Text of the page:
A new report from the National Park Service shows that fewer people visited Utah’s National Parks in 2013 compared to 2012.
The number of people who attended one of Utah’s National Parks dropped by almost 1.5 million in 2013. And the amount of money that went into Utah’s economy also decreased by about $15 million. Dan Johnson is the chief of interpretation and visitor services at Dinosaur National Monument in eastern Utah. He says even though they’re in an area where the economy is driven mostly by oil and gas drilling, visitors to the park still have a major impact.
“All those visitors that do come into the area, you know they’re buying gas for vehicles, they’re staying in hotel rooms, they’re eating dinners in restaurants, so that provides stimulus, basically, to the area’s economy,” he says.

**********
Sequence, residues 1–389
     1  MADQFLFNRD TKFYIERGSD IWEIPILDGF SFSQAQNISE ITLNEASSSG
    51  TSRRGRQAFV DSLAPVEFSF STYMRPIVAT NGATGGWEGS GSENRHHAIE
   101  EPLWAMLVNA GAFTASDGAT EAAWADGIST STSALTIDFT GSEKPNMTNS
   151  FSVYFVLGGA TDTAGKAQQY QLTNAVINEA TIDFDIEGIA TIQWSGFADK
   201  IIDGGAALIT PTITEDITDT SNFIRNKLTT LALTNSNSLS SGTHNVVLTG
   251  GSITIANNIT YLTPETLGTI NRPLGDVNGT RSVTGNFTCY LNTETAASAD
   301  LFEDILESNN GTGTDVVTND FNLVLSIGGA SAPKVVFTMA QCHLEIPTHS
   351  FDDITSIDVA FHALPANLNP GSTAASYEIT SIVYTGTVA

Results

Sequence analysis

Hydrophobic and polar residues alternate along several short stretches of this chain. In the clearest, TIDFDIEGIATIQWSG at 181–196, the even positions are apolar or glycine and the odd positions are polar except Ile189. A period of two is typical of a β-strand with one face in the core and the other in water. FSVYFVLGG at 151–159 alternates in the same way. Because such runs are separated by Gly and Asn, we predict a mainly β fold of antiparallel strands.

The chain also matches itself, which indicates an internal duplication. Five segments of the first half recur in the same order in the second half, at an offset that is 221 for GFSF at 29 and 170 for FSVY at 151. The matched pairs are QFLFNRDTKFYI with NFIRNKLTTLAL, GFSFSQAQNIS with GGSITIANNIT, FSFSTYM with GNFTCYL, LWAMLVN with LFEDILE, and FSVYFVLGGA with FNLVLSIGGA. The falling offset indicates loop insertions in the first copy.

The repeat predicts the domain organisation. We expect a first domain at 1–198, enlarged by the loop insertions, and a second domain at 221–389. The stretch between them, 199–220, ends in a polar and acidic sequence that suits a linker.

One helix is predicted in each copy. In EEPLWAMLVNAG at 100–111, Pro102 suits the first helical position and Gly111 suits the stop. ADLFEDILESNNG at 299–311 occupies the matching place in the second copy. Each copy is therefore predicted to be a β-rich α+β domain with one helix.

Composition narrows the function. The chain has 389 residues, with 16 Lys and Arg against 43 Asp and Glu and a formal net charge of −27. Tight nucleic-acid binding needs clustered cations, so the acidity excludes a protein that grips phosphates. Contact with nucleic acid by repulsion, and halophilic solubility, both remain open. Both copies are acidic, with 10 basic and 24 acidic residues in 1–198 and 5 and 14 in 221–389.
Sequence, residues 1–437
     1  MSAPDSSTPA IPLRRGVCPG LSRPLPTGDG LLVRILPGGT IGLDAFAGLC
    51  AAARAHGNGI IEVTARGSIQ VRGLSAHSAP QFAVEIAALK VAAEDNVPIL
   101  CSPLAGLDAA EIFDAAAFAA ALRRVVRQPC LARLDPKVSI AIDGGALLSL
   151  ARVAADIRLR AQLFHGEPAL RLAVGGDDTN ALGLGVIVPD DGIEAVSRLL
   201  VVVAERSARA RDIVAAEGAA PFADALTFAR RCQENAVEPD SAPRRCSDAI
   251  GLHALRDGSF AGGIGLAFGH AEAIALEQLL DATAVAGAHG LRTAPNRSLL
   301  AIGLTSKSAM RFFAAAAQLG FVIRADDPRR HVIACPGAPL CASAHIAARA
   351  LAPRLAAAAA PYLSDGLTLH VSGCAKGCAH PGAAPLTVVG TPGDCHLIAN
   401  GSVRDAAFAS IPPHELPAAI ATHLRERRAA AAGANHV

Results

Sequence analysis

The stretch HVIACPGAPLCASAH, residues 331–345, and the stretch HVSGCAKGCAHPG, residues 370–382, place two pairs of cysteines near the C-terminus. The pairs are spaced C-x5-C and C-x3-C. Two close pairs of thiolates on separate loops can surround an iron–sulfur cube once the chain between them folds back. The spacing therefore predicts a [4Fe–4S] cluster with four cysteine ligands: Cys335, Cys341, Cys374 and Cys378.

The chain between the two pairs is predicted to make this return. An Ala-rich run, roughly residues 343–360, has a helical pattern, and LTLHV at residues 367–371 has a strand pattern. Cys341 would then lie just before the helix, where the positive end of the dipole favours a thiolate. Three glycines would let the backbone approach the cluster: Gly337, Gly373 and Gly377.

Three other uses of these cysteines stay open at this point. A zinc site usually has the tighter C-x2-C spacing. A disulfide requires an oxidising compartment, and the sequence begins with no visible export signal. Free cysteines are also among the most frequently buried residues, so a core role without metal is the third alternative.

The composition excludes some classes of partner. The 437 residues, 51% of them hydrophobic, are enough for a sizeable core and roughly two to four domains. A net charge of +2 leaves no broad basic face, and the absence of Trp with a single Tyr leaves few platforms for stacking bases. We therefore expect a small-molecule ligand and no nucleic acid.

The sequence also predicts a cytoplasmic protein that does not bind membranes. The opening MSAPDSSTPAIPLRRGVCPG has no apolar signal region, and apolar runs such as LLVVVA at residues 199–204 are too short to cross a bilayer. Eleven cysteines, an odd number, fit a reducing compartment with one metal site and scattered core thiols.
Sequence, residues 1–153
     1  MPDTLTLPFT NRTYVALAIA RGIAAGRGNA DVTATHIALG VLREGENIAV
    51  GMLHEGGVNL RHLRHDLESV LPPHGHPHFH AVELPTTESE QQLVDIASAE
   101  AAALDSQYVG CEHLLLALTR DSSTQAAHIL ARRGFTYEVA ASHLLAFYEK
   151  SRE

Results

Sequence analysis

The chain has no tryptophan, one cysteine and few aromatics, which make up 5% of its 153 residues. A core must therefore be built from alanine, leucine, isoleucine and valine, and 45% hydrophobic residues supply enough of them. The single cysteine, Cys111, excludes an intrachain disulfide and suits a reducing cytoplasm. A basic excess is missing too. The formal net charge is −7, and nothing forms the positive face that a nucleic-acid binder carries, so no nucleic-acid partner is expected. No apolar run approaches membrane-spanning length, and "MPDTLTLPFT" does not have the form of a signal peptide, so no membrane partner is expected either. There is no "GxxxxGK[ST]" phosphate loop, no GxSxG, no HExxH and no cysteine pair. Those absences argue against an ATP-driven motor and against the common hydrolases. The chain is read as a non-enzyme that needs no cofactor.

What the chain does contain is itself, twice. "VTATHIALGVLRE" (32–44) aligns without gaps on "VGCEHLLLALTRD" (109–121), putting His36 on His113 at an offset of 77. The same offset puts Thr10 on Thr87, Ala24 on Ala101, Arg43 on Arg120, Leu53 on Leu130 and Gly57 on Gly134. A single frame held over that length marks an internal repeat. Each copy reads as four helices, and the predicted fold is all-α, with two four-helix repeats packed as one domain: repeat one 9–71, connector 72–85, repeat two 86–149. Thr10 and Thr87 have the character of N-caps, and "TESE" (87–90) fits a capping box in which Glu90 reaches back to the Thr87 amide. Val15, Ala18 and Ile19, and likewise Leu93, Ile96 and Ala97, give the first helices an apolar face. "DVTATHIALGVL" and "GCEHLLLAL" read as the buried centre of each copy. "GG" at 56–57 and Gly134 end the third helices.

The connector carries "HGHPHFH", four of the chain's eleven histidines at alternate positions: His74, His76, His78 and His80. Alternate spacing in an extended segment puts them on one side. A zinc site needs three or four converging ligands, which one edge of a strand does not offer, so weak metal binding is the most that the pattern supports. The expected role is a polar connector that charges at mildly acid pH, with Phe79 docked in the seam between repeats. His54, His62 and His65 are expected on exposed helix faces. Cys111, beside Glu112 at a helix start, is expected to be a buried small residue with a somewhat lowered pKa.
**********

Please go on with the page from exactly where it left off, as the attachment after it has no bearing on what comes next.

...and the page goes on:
The report indicates a major contributor to the decrease in number of visitors was the federal government shutdown that took place last October. Utah Tourism Director Vicki Varela says the impact of the shutdown was felt particularly hard here in Utah.
“Utah is a huge tourism state and our parks were shut down for 10 days," she says. "So that resulted in a 5.5% set back for us in overall visitation for the year.”
In 2013 National Parks generated 9,069 jobs and added more than $477 million to Utah’s economy.
By the Numbers
Total Visits: 9,503,305
Total Visitor Spending: $613.7 million
Value Added: $492.9 million
Total Visits: 8,090,143
Total Visitor Spending: $596.5 million
Value Added: $477.9 million
Total Visits: -1,413,162
Total Visitor Spending: -$17.2 million
Value Added: -$15 million